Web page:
July 6, 1907 – July 13, 1954 (Aged 47)
Frida was a Mexican painter renowned for her self-portraits.
She became the first Mexican artist to have a painting purchased by and featured in, the Louvre in Paris, France.
Kahlo died after suffering from pneumonia at the age of 47.
Since her death, Kahlo’s house, La Casa Azul (the blue house), has been opened as a museum, attracting thousands of tourists in Mexico City every year.
Kahlo has also become an icon for feminists and the LGBTQ movement.
23 June 1912 – 7 June 1954 (Aged 41)
Turing was a renowned mathematician, hugely influential in the field of computer science and artificial intelligence.
Turing also played a leading role as a codebreaker with British intelligence in Bletchley Park, during World War II.
He developed techniques to decipher the German Enigma machine, which proved pivotal for the Allies in defeating the Nazis.
Turing was prosecuted for gross indecency in 1952, as homosexuality was still a criminal act in the UK. He underwent chemical castration treatment as part of his sentence, rendering him impotent.
Turing died from cyanide poisoning two years later, in 1954. However, it is not known for certain if the poisoning was accidental.
In 2009, British Prime Minister, Gordon Brown, issued an official apology for how Turing had been treated in his final years.
In 1999, Turing was voted one of the most important people of the 20th century by Time magazine. The 2014 film, The Imitation Game, portrays Turing during his time working as a codebreaker during World War II.
22 October 1913 – 25 May 1954 (Aged 40)
Capa was a Hungarian-born photographer, who is perhaps the most famous war photographer in history.
Capa’s work saw him documenting on the ground during the Spanish Civil War, the Japanese invasion of China, the founding of Israel, and Europe after the Allied invasion.
He was also the only photographer to land on Omaha Beach on D-Day.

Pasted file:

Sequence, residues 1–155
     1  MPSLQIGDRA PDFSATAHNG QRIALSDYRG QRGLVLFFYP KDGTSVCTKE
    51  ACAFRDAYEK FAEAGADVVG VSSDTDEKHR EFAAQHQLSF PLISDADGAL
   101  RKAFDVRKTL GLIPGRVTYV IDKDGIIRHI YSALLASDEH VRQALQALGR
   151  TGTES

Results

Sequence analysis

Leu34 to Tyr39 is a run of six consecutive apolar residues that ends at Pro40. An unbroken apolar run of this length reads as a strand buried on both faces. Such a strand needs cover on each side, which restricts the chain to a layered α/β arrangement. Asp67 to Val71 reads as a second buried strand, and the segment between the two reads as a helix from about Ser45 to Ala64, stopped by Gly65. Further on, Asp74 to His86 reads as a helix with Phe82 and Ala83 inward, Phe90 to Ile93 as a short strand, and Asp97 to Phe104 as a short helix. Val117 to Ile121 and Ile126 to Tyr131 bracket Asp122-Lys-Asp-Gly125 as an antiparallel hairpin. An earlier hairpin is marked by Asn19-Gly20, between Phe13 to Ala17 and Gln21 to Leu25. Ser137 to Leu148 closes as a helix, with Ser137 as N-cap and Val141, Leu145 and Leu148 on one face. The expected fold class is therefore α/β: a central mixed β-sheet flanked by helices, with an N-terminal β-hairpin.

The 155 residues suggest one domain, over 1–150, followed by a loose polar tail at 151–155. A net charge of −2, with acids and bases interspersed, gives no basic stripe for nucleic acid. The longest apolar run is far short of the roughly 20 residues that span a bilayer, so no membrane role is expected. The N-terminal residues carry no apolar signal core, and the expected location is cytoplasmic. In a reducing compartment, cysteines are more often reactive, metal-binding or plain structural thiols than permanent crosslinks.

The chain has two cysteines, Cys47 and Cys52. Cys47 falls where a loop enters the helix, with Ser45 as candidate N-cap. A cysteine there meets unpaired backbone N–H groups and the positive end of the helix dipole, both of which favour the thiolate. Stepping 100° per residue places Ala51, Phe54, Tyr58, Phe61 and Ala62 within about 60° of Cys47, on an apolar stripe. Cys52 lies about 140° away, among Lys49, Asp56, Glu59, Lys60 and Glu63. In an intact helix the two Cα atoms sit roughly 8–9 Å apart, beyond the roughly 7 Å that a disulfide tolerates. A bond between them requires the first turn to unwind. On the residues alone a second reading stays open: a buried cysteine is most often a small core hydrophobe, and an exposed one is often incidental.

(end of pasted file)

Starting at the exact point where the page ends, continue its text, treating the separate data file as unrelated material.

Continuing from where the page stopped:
In 1954, Capa accepted an assignment from Life magazine to accompany a regiment of French soldiers during the Indochina War.
Capa got out of their jeep to photograph the regiment and stepped on a landmine, killing him instantly.
Edwin Howard Armstrong
18 December 1862 – 1 February 1954 (aged 63)
Armstrong was an American inventor, best known for being the first person to develop the FM radio and the superhet receiver system.
Over the course of his life, Armstrong held 42 patents and received numerous awards, including the first (what is now) IEEE Medal of Honor, the French Legion of Honor, the Franklin Medal and the Edison Medal.
At the age of 63, amid growing financial difficulties, Armstrong committed suicide, jumping out the window of his New York apartment.
Armstrong’s FM radio system was later used for communications between NASA and the Apollo program astronauts.
In 1980, Armstrong was inducted into the National Inventors Hall of Fame. He is recognized as the most prolific and influential inventor in radio history.
19 October 1862 – 10 April 1954 (aged 91)
Auguste Lumière and his brother Louis were the inventors of the cinematograph motion-picture camera.
They are credited with innovations in color photography, and with being among the first people to bring, and sell, the cinematic experience to the masses.
Following his success in cinematography, Auguste conducted scientific research on diseases such as cancer.
His endeavors saw him, posthumously, made a member of the National Order of the Legion of Honor in France.
31 December 1869 – 3 November 1954 (Aged 84)
Matisse was a French artist.
He is widely regarded as one of the most influential of the 20th century, renowned for his expressive use of color.
During his final years, ill-health prevented him from painting, before he died of a heart attack at the age of 84.